Streator to consider allowing backyard chickens

Price spike of eggs has led to more questions about chicken ownership

Andy Atwell keeps several breeds of backyard chickens and occasionally lets them out to roam around his yard, which is in an unincorporated area near Barrington.

The increased price of eggs has led to more Streator residents asking City Hall about its backyard chicken ordinances, city officials said Tuesday.

At this time, Streator technically doesn’t allow farm animals on residential properties, but that hasn’t stopped residents from finding loopholes in the ordinance, the City Council was told Tuesday during its committee of the whole meeting.

“Some residents have said the chickens are pets,” said Animal Control Officer Amy Ragusa.

Chickens also can be kept legally on commercial or agricultural properties within the city, Ragusa said.

City Engineer Jeremy Palm said the loophole exists for residents because the city’s ordinance doesn’t define what a “farm animal” is.

Palm said neighboring communities Ottawa, Peru and Pontiac don’t allow backyard chickens, but La Salle does, limiting residents to 10 chickens.

Ragusa and Palm advised if the council reconsiders its chicken ordinance it should restrict roosters and define the number of chickens allowed. The city likely will require chicken owners to have a permit.

Councilman Matt McMullen said he would like an ordinance also to define specifically the kind of coop allowed and its distance from other neighbors.

City Manager David Plyman said he can conduct a review of ordinances in other communities and present the council with ideas at its March committee of the whole meeting.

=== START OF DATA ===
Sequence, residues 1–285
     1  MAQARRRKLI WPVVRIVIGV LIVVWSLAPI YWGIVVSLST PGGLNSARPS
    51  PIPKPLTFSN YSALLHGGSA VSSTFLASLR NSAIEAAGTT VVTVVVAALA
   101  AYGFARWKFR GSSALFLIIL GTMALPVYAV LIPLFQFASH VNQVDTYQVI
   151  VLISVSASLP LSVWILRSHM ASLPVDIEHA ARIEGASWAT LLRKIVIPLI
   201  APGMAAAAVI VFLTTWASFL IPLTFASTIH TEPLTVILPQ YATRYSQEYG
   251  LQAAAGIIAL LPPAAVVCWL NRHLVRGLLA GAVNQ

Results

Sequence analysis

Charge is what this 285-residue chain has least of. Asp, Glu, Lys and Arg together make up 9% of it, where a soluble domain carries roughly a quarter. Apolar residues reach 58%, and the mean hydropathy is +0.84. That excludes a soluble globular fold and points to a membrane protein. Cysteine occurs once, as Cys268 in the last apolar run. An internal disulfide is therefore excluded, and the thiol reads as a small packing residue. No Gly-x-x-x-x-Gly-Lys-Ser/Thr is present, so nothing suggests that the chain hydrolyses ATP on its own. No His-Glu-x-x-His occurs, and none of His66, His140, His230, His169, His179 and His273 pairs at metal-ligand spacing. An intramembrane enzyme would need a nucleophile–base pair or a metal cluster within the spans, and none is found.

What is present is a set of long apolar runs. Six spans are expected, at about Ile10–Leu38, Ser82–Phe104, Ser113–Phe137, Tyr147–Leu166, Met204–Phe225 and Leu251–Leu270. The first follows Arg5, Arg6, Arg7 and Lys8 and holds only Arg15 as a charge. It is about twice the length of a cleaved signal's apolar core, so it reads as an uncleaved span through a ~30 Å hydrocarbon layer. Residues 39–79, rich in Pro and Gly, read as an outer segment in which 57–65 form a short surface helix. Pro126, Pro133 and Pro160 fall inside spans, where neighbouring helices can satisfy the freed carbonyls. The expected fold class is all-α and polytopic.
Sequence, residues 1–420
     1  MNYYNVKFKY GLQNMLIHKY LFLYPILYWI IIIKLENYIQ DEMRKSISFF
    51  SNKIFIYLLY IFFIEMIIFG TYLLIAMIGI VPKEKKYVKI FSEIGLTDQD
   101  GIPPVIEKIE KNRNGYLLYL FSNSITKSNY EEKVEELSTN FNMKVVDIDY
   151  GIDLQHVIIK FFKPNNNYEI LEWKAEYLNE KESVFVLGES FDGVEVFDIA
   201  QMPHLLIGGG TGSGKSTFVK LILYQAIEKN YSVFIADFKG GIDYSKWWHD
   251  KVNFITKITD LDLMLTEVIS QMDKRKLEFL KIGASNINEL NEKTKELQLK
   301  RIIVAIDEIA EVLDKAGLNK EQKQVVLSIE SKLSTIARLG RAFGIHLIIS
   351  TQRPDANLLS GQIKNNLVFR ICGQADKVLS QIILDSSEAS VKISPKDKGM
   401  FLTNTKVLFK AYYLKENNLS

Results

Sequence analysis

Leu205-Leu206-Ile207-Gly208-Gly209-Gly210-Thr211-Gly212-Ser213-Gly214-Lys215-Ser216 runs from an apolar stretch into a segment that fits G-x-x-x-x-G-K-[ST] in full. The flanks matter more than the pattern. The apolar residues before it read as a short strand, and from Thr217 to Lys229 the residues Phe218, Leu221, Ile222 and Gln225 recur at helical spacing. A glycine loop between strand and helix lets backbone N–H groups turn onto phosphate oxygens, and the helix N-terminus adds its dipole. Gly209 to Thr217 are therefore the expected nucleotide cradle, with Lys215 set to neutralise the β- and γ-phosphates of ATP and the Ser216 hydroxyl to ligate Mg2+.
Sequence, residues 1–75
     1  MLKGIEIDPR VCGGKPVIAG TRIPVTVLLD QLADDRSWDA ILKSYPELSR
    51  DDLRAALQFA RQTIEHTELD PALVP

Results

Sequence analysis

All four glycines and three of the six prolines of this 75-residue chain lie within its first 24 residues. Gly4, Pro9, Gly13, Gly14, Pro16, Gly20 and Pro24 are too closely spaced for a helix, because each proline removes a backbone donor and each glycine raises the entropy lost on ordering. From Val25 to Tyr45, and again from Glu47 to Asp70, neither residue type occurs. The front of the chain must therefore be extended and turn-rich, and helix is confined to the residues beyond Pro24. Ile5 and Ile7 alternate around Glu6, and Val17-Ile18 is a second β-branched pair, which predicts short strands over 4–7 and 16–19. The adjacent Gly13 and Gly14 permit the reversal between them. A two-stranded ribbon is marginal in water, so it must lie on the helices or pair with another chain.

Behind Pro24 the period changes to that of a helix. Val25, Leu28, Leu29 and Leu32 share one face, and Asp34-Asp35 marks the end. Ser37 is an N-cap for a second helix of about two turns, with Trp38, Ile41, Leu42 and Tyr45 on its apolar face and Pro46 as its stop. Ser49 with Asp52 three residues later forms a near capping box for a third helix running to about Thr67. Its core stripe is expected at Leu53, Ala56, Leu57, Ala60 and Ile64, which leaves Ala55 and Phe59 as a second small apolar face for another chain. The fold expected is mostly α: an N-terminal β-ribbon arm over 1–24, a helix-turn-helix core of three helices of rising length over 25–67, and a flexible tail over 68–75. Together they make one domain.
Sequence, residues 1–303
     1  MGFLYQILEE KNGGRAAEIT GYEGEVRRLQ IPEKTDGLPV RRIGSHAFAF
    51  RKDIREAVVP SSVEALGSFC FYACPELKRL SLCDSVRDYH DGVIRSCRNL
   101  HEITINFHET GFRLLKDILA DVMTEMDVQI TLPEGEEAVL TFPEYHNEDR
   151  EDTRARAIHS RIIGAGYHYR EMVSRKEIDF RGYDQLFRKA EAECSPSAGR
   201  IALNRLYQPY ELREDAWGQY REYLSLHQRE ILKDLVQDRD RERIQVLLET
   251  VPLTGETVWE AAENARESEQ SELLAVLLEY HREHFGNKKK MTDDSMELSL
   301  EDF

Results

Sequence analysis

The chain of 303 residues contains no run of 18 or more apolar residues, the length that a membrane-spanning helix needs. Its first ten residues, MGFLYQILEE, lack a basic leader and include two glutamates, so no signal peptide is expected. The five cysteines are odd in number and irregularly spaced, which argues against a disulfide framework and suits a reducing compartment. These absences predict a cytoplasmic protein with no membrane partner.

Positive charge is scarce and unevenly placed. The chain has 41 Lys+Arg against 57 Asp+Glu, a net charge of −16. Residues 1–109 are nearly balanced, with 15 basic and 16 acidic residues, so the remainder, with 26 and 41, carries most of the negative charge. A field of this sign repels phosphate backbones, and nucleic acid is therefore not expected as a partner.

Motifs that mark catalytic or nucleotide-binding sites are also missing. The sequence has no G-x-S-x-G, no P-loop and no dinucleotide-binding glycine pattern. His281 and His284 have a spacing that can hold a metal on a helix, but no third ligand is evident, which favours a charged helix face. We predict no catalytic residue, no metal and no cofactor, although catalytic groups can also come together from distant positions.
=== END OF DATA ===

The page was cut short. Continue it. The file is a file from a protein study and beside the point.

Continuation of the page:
City officials said they would like to get ahead of chick sales at R.P. Home and Harvest, with Palm suggesting the city could have copies of its ordinance and permit applications ready at the store for anyone who purchases chicks.

Palm, who owns chickens, warned residents who are looking for a cheaper source of eggs, raising chickens is not cheap.

“The coop alone costs $500 and the feed is expensive,” Palm said. “You’re not going to save money.”

The city engineer said after Tuesday’s meeting he’ll be returning calls to a list of residents who are interested in owning their own chickens.

High egg prices prompted a Newton citizen to research the city's rules on keeping chickens within city limits and make a request to a city council member. After a presentation from city staff, it became clear the push from citizens was likely not strong enough to warrant a change in the city code. For every one acre of land, citizens can keep four chickens. But only if they meet other requirements, too.